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Common questions and answers for homebuyers.

Q: Where do I begin in the home buying process?

A: The first part of the process begins with a call to your favorite mortgage company, bank or lending institution. If you need some suggestions we have plenty to refer you to. You should get pre-approved. That way we can find houses in the right price range for you. If you begin before going to the bank and start by looking at $200,000 houses, only to find out they will only approve you for $125,000, you will be disappointed with any house you see.

Q: What is the difference between prequalification and preapproval?

A: Loan prequalification is a simple process. It takes into account very basic information regarding your financial status and gives you an amount for which you may qualify. Prequalification gives the Realtor® and you a price range in which to begin your search for a home.

Preapproval is a much more involved process. The lender will take all pertinent information regarding your finances and perform an extensive check of your current financial status. From this they will ultimately determine the exact amount for which you will be eligible and what type of loan is best for you... Being preapproved lets the seller know that you have gone through an extensive financial background check and there should be no unexpected obstacles to buying the home. You can see how being preapproved would be more attractive to a seller than just being prequalified.

Q: Do I have to call the listing company or listing agent of the property I would like to see it?

A: No, we participate in a Multiple listing Service (MLS). Participants in an MLS pool their inventory and cooperate with other Realtors® to give you a wider selection. You can work with one agent, who will have a better feel for what type of home you are looking. This helps save time, because the agents tour new listings weekly, thus we have knowledge of the properties that will meet your needs. We can then call the other agencies to set up appointments to look at all the properties in which you are interested all at one time or whenever your schedule allows.

Q: The bank says that I am qualified up to $200,000. Will that be the price range of houses you will show me?

Not necessarily. You don't want to be "house poor", meaning that you are working strictly to be able to make your house payments. We will only show you properties that you are comfortable with the payments. If they say you can buy a $200,000 house, but the most you are comfortable making the payments for is $140,000, then we will look at homes in the $140,000 range.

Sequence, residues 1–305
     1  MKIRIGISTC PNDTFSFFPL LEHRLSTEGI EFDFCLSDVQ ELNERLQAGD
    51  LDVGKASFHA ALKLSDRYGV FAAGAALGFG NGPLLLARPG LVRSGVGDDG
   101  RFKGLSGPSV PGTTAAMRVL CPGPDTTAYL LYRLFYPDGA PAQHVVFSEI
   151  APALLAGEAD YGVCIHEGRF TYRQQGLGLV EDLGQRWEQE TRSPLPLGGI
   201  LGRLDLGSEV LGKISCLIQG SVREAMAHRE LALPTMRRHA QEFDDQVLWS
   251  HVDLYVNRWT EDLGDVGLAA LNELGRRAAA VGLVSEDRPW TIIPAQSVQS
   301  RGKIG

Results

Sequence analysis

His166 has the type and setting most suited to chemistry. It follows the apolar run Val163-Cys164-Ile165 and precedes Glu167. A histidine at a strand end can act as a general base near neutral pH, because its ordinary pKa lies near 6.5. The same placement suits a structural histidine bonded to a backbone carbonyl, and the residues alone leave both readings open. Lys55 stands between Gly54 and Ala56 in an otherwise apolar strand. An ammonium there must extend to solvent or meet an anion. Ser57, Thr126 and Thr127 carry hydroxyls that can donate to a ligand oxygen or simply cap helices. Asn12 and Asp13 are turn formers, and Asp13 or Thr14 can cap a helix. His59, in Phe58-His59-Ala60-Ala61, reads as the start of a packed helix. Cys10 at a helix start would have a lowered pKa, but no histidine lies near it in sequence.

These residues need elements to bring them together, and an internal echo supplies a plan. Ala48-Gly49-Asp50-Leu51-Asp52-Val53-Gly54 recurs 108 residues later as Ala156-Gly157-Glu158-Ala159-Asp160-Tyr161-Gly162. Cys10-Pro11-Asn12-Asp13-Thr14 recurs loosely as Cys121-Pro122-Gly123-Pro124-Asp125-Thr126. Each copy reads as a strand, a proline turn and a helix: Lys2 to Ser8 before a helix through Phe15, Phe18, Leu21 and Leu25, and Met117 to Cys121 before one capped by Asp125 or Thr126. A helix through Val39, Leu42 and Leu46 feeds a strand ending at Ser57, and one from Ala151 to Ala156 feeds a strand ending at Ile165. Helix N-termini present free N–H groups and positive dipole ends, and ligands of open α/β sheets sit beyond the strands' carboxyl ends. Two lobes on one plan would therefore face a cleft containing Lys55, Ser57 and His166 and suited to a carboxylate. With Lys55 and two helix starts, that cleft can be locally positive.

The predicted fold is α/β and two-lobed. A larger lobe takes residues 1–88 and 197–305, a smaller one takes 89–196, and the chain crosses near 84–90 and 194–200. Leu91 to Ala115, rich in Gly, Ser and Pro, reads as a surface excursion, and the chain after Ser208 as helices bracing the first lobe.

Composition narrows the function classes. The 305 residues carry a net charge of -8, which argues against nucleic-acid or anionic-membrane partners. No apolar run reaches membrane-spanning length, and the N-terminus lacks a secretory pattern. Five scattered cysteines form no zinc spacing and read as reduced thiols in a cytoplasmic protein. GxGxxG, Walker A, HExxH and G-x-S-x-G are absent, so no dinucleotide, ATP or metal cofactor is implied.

Q: You found the perfect house for me. Now what do I do?

A: We come to the office and start writing the offer. When writing the offer, there are many items to consider. How long has the house been on the market? How badly do I want the house? How motivated is the seller, but more importantly, how motivated am I? One thing you want to avoid is putting in a "lowball" offer. This will irritate sellers, as they will not think you are a serious buyer and may not even counter your offer. If it's absolutely the perfect house for you and you want to be sure you get the house, offer a respectable price. This usually, but not always, buys the house. Sometimes multiple offers will come in and then the battles begin. That is where being preapproved vs. prequalified can come into play.

Q: What if I write an offer, but can't get my loan. What happens?

A: Offers are written contingent on your being able to get financing for the house at acceptable terms. If you cannot get the financing, the contract becomes void and your earnest money is returned.

Q: Earnest money, what's that?

When you write an offer on a property you put down earnest money, kind of like a down payment, to show the seller you are serious about buying the property. This amount is usually a minimum of 1% of the price you are offering, depending on the price of the property. This amount is applied toward the purchase price at closing. If you have a change of heart or get buyer's remorse and back out of the contract, the seller is entitled to the earnest money as liquidated damages at the very least.

Q: What if I make an offer on a property, but it doesn't appraise for the amount of the offer?

A: If the property does not appraise, then you will not be able to get the loan, so your earnest money would be returned. However, if the property does not appraise for you, it probably would not appraise for other buyers, unless a different appraiser has a different opinion. The seller will probably consider selling for the appraised price.